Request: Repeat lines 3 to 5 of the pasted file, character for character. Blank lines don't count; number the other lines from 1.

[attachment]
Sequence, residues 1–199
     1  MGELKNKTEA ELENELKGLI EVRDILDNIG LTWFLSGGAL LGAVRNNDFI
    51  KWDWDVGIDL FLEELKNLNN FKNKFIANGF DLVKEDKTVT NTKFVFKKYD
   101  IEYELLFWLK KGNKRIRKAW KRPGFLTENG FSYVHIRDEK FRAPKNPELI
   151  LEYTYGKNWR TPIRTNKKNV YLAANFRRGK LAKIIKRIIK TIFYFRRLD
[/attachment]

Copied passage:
    51  KWDWDVGIDL FLEELKNLNN FKNKFIANGF DLVKEDKTVT NTKFVFKKYD
   101  IEYELLFWLK KGNKRIRKAW KRPGFLTENG FSYVHIRDEK FRAPKNPELI
   151  LEYTYGKNWR TPIRTNKKNV YLAANFRRGK LAKIIKRIIK TIFYFRRLD